The trial of former Egyptian President Hosni Mubarak must be fair, transparent and reveal the full truth about the unlawful killing of anti-government protesters during this year’s mass protests, said human rights group Amnesty International on Tuesday.
Mubarak, his two sons Gamal and Alaa, former Interior Minister Habib al-Adly and six former senior officials are due to stand trial on Wednesday in Cairo.
The men face charges of premeditated murder and attempted murder, arising from the shooting of demonstrators by security forces during the 18-day uprising that lead to Mubarak’s removal from power. At least 840 people were killed and thousands injured in the uprising.
Those accused of murder will face the death penalty if convicted.
Egyptian security authorities have received notice to move the ousted president to Cairo for trial, state TV reported on Tuesday. Mubarak has been hospitalized in the Red Sea resort of Sharm el-Sheikh since April, when he was first questioned on the allegations.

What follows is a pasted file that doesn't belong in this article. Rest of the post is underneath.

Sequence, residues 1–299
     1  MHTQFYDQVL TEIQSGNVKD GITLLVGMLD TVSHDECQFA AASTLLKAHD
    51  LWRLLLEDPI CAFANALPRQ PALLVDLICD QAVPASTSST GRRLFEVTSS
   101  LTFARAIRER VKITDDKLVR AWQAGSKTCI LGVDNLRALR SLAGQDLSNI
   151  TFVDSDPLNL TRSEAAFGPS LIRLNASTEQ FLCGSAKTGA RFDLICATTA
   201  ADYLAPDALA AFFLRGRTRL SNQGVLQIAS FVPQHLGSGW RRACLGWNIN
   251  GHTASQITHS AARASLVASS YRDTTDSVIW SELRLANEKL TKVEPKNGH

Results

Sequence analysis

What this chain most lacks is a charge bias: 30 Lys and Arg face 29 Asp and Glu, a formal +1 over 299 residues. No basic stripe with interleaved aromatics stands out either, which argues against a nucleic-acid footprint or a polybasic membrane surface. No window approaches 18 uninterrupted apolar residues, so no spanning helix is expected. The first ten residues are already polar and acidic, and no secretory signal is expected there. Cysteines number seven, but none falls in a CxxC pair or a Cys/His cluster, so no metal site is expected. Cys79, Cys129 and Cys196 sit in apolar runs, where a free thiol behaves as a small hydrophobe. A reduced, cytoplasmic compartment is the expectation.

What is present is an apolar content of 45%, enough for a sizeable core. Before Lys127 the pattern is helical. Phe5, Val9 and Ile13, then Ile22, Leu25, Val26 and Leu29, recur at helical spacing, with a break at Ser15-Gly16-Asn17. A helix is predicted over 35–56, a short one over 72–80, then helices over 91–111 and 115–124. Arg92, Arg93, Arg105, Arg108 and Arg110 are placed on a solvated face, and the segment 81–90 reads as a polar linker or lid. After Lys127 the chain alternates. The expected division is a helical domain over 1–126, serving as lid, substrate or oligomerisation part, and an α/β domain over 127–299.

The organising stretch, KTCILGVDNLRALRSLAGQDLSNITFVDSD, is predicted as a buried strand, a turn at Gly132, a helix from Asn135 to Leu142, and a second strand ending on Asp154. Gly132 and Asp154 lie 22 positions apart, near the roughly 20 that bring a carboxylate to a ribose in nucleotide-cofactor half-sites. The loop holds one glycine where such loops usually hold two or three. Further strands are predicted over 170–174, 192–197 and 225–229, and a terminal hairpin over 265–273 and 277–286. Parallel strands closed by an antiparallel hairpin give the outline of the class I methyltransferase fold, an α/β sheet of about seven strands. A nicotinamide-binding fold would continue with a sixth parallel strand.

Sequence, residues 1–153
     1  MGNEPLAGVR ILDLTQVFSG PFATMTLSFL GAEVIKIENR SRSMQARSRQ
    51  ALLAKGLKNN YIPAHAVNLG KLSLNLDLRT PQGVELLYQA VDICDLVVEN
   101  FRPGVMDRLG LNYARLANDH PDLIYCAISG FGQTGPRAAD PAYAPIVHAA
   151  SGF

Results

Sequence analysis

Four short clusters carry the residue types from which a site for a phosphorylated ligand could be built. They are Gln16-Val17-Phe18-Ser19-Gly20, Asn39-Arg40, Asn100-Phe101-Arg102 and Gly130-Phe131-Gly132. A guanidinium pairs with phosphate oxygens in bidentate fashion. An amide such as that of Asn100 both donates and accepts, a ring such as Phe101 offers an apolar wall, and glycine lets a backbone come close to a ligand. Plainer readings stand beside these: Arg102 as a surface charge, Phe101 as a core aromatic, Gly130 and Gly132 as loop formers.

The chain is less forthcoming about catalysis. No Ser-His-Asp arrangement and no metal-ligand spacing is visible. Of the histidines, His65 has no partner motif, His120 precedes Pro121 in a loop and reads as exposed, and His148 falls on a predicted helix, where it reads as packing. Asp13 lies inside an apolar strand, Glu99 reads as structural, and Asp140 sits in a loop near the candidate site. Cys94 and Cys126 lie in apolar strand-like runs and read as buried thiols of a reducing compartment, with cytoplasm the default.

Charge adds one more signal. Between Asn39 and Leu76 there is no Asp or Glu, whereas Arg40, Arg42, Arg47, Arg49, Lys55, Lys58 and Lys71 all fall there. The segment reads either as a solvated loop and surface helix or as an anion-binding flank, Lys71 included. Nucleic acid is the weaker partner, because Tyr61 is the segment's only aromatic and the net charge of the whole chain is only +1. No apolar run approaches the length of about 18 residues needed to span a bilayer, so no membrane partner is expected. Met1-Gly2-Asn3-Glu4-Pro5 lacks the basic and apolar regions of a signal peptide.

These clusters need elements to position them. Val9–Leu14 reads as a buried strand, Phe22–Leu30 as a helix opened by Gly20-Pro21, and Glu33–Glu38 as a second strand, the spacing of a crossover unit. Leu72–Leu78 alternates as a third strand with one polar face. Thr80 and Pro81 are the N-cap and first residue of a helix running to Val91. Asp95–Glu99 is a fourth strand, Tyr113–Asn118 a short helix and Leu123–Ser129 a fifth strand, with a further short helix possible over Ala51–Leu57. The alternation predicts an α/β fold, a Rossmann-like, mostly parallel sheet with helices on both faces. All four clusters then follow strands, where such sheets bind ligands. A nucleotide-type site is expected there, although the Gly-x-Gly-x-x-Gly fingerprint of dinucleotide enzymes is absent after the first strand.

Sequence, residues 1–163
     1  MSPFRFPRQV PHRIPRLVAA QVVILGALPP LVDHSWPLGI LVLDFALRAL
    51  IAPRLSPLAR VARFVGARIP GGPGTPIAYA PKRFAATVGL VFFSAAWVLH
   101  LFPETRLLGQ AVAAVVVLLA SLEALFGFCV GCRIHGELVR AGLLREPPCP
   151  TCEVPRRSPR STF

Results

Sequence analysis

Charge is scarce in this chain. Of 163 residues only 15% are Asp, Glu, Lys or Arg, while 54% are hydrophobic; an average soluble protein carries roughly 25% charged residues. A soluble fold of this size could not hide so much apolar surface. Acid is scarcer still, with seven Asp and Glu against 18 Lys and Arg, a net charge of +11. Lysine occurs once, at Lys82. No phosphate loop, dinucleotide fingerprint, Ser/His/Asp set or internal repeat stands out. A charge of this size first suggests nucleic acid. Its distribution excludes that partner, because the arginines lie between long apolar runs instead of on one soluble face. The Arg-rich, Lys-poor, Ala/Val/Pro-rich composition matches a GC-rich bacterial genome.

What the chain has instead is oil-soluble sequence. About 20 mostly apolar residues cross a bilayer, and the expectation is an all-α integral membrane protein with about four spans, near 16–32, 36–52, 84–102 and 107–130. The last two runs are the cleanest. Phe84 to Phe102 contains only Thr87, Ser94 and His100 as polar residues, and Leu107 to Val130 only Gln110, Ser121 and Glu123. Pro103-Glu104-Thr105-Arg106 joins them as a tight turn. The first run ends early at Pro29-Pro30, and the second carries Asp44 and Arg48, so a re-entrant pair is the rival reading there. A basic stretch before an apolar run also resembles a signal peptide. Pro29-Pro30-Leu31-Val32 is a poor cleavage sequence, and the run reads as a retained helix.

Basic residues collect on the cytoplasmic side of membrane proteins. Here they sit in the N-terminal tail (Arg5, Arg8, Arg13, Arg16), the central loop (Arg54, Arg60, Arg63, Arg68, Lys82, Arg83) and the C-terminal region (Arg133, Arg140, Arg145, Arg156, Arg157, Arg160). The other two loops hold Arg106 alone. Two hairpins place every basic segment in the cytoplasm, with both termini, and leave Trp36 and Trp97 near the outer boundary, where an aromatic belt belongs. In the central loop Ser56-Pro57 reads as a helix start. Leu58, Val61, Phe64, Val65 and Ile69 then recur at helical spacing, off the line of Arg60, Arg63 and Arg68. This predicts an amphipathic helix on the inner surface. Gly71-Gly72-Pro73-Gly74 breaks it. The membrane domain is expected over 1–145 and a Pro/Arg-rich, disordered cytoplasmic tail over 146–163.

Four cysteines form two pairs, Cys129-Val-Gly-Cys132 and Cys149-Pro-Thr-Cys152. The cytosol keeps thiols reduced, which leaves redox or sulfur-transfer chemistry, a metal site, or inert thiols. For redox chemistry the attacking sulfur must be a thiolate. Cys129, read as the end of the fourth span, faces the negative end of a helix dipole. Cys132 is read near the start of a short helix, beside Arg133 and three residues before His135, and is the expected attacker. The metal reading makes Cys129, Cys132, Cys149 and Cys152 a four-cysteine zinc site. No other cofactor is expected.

“This trial presents a historic opportunity for Egypt to hold a former leader and his inner circle to account for crimes committed during their rule,” said Malcolm Smart, Amnesty International’s director for the Middle East and North Africa.
“But if the trial is going to be a meaningful break with Egypt’s record of impunity, it must be both fair and transparent – justice demands no less. Not only must the trial be fair but it must be seen as fair, not least by the families of those who died during the protests.”
Experts perceive Mubarak’s trial as a pivotal challenge for Egypt at a time of tension between Egypt’s military rulers and revolutionary forces concerning the slow course of justice for former members of the Mubarak regime.
On Tuesday, hundreds of army personnel forcibly ended a sit-in at Tahrir Square, removing tents and arresting scores of protesters. Relatives of those killed in the revolution, who made up most of those remaining in the square as Ramadan began, were reportedly beaten and humiliated by the army.
However, the military-backed civilian government has made various concessions to popular demands, including bowing to calls that the trial be televised.
Amnesty “welcomed the judge’s decision agree to live TV broadcasting of the trial, but also urged the court to ensure that those attempting to attend the hearings are not mistreated,” said the statement.
Egypt’s stock market fell to a 12-week low on Tuesday as jittery investors sold off shares ahead of the trial.
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